Jane Ballot

Being me in the world

Monday 15th December

If I had written this very early today, it would have  been about apprehension and even a degree of fear – of needles, being pricked (again) and of the aftermath of the chemo.

If I had written this around mid-morning, it would have been about devastation, upset and a whole lot of tears.

As I sit here in the night, all of those emotions still lurk. The apprehension and degree of fear have not gone, or solved, but have been put on a back-burner. The devastation and tears are mostly over, but are not far beyond the surface.

My white cell count was too low for chemo today.

I’ve known since the beginning that this can happen to patients. (How I hate using that word about myself. I am so tired of being a patient.) As with many things, we never think that it will be us. I am so fit and capable and strong…

My body, though, has apparently been hammered by the chemo.

As I described for the doc the way the side effects have affected me, it didn’t sound so bad. He, however, is surprised at how many side-effects I am having. In fact, above average, apparently.

So, I am one of those people.

I am also one of those who was  turned away from the prize, so to speak. Even as the doc reminded me that, from the beginning, there is a percentage of patients who experience the side effect of their white cell count being lowered by the treatment, I didn’t quite register that I am one of them.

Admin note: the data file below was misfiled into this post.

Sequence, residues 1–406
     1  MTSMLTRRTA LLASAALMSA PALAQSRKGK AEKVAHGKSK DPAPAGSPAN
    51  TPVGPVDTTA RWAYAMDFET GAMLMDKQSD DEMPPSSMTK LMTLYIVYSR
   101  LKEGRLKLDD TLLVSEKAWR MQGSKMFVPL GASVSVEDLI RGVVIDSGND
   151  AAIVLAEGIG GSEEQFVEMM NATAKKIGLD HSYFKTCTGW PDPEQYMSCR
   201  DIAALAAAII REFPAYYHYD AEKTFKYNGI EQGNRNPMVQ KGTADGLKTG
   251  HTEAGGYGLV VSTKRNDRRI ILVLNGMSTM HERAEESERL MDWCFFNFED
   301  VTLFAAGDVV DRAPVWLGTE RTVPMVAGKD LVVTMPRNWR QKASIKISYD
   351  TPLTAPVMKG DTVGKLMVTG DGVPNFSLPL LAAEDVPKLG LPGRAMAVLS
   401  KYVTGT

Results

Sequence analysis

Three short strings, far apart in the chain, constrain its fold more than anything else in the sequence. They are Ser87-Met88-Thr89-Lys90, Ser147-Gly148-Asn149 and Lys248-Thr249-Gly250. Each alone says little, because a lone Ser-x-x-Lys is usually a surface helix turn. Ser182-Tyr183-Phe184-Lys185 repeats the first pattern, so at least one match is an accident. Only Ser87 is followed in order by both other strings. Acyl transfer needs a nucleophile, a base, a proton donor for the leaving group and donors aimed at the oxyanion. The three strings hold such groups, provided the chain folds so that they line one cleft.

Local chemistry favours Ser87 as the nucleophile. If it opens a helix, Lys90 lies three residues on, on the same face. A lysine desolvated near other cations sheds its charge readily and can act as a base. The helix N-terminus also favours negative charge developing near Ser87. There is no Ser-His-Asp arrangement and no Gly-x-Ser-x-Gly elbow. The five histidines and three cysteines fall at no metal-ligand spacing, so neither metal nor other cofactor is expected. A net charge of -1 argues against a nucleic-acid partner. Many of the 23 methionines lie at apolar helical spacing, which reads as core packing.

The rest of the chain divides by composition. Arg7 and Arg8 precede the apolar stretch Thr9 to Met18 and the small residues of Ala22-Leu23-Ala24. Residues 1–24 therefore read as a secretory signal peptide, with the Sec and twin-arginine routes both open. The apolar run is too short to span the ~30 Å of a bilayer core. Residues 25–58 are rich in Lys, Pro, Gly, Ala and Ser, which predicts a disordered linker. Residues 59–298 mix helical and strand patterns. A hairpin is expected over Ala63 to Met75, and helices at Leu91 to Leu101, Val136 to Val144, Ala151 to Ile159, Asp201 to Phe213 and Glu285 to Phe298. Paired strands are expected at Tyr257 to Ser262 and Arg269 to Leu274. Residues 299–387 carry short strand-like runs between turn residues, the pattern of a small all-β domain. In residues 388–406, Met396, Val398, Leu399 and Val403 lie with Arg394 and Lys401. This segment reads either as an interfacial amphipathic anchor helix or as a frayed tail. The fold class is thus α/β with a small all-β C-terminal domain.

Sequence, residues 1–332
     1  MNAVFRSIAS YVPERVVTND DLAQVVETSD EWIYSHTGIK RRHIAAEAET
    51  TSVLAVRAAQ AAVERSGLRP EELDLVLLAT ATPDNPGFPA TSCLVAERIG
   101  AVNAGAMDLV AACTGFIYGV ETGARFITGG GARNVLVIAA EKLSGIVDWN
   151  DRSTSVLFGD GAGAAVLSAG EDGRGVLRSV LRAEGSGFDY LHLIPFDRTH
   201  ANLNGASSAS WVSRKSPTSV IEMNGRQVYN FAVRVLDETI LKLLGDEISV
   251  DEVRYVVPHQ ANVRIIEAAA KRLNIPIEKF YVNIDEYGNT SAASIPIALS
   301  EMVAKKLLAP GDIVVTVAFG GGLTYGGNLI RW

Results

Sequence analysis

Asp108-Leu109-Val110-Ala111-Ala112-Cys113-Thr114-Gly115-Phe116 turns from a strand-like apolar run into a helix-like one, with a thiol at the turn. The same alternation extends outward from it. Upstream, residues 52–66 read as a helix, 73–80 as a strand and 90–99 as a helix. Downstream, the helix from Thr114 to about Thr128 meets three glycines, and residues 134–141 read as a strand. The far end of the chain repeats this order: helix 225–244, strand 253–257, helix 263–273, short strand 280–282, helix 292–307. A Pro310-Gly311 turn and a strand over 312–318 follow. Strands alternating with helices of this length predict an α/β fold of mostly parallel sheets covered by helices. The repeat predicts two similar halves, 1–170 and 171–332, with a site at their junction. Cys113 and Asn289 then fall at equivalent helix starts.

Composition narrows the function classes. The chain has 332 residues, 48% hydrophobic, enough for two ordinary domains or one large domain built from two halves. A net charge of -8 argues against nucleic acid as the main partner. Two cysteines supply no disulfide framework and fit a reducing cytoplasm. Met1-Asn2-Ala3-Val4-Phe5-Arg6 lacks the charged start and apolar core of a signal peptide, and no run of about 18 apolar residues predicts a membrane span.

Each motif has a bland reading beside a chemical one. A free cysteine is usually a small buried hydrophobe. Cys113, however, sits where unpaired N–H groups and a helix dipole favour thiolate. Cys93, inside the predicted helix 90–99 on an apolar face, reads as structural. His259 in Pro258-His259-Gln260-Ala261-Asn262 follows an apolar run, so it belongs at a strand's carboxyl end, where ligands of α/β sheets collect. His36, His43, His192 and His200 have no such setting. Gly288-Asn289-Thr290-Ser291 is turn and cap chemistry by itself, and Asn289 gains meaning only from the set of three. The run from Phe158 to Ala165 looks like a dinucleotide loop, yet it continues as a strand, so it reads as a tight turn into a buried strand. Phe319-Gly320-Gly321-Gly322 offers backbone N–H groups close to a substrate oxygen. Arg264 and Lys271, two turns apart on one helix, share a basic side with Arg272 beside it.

So much for the best laid schemes.

Needless to say, we didn’t leave for Sedgefield today – which has totally devastated me and upset me intensely.

I think part of it was just the horrible realisation that the anticipated joy of leaving and getting there was not going to happen today. Part of it is a feeling of guilt and regret that I did not push to have this chemo in George, which would have meant that we could have left last week. The medical aid logistics would have been difficult to negotiate, though, and could have had horrible financial implications.

A lot of it is about not being able to have the luxury of actually chilling in a place away from home where there is not an overpowering sense of responsibility and work that has to be done all the time.

Most of my devastation, though, is that it is not fair on Paul, Sarah, Dani and Michael. I think it is so unfair that they are being robbed of part of their time on holiday in Sedge just because I, apparently, can’t cope with chemo quite so well – physically, at least.

It also extends the halfway mark.

So many, many reasons for feeling horribly, horribly unable to be in control and so much not myself.

I wish…

It’s been a good day, though. Shopping and eating companionably tend to do that for one. The Hobbit also had a hand.

So, I write this now, after another Monday of huge leaps in emotion. As I think about it, I know that the world is not such a bad place and that, in the end, everything has good and bad in it. We plan and then, sometimes, we have to take a step backwards, or sideways. The ultimate momentum, though, is forward and onward.

The path up the mountain may waiver, but it never falters. And the traveller just has to stay moving along it, step-by-step.


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